Among his favorite techniques is depending on the lushness of dairy to frame his produce. He uses cultured crème fraîche and yogurt in two courses as well as a house-made ricotta for filling the mini ravioli in a third. So it’s good to see Menes go in another direction with his soups, ratcheting back on the cream and creating texture instead by straining vegetable essence through a tamis several times (over the months I’ve had cauliflower, Japanese sweet potato, button mushrooms). Using the sort of milk-frothing pitcher you might see at Starbucks, he pours the finished product into an asymmetrical bowl that has cheese-flecked fried bread crumbs at the bottom. When he makes tomato soup, the cheese in the garnish is particularly drawn out, like it’s the most urbane rendering of the timeless soup-and-sandwich combo.
And although Menes uses butter in his sauces, he skips another traditional ingredient: animal stocks. Rather than rely on a highly concentrated demi-glace to accentuate a slice of New York strip (sourced by L.A.’s Belcampo Meat from cattle that graze at the foot of Mount Shasta), he underlines the beef’s quality with his spin on an Argentinean chimichurri: house-made red vinegar carrying whole parsley leaves, minced garlic, and chile flakes. For another course—a fricassée of mushrooms, snap peas, and charred romaine—he spoons on a pungent brown onion broth. In his cassoulet, the cooking liquid from lima beans supports a mix of favas, almonds, and apple slices that are cut and sautéed at the last moment to retain their freshness. A bigger kitchen might have executed that final step during afternoon prep, when any mistake, like burning the slices, could be more easily rectified. Delaying the moment produce meets the pan adds an element of wokhay—the immediacy of wok cooking—to the food, especially when it’s a thick, gorgeous stalk of Zuckerman’s Farm Delta asparagus.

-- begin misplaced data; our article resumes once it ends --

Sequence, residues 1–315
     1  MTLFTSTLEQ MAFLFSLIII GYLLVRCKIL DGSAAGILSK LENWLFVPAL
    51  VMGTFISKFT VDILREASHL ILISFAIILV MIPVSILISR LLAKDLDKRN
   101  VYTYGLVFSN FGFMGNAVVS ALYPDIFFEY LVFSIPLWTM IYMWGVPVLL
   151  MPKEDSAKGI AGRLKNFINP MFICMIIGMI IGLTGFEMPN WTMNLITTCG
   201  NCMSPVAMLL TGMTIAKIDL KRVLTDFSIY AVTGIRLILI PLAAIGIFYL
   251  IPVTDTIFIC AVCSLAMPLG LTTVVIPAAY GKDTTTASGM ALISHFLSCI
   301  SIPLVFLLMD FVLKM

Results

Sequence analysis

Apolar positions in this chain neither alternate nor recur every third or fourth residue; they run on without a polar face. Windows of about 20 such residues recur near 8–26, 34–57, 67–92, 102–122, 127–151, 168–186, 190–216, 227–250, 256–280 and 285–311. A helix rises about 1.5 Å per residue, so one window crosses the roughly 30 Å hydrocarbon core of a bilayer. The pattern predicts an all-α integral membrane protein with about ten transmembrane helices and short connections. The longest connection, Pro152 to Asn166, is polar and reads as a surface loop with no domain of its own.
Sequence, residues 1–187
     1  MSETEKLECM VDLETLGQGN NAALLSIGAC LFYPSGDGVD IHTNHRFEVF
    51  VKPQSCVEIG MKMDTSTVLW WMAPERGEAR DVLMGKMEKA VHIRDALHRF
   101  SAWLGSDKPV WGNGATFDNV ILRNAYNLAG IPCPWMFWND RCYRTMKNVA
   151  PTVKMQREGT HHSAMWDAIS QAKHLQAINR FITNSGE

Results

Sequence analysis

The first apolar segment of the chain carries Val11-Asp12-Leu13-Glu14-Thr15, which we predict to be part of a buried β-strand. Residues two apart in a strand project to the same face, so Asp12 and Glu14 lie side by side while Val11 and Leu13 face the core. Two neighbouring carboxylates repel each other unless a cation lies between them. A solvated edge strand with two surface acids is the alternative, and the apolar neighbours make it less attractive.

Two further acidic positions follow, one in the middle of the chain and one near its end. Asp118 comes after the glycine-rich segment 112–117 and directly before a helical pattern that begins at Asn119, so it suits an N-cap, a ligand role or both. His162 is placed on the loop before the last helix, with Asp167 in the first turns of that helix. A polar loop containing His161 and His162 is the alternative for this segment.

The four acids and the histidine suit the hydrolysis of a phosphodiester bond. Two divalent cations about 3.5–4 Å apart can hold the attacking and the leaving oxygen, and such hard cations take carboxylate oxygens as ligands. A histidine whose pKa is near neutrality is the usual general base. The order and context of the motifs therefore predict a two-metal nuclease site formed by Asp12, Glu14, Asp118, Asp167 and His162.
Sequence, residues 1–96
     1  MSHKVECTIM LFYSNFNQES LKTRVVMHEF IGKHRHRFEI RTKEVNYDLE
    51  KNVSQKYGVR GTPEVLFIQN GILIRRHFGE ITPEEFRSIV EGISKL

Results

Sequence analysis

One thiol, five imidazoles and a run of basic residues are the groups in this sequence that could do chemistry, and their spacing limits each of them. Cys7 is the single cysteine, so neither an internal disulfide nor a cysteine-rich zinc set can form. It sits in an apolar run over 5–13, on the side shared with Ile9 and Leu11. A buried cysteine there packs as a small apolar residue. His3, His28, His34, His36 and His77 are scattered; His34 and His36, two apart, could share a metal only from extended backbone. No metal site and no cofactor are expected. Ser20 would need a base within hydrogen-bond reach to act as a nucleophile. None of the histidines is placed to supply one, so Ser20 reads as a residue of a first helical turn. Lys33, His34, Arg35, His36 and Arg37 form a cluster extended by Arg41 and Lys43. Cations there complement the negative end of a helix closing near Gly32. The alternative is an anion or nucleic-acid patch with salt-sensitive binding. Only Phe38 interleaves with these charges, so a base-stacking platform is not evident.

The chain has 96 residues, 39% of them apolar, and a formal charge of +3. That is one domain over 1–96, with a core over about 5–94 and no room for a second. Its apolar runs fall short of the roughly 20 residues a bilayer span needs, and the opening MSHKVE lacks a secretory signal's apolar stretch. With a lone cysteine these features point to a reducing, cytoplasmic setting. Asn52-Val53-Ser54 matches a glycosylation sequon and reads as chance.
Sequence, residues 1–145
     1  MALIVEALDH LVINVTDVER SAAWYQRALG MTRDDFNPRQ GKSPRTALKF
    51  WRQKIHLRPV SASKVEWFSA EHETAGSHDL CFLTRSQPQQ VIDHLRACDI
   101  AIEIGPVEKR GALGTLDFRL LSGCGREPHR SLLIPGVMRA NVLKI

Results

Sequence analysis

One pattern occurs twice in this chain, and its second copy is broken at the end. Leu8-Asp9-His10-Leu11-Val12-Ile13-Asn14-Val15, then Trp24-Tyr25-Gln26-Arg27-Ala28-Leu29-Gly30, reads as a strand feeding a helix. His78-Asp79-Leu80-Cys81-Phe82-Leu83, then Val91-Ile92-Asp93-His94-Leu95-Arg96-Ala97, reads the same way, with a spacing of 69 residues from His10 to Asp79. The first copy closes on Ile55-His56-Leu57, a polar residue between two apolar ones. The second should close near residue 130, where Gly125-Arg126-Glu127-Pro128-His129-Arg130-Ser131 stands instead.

After the fifth course has been cleared away, Menes might use a torch to caramelize strawberry segments that will go with Meyer lemon curd and a hot sourdough doughnut hole. For those who’ve ordered the cheese plate, there’ll be slices of Hook’s ten-year cheddar and Rogue Creamery Blue. As the pace slows, an easy intimacy develops between the chef and his guests. “Why go from pop-up to permanent?” someone invariably asks. Stability, he answers. “How long will you be here?” The lease is ten years, he says with a contented look that seems to betray a touch of nervousness, too. You’d never know the clock is being eyed, but the next seating is in 20 minutes; there is work to be done. So, bopping his head to the quiet jazz, Menes turns to wipe down the burners.
3606 W. 6th St.,
Japanese sweet potato velouté, oeuf en cocotte with thyme butter and lettuces, roasted butternut squash with wheat berries, cheese selection
Well-selected wine pairings ($42), wines also available by the glass and the bottle; single-origin coffees
Relaxed but ceremonial
$69 (set of six courses),
$14-$35 (choice of supplements)
(seatings at 6 and 8:30)
Street or nearby lots (hotel valet charges $6 per hour)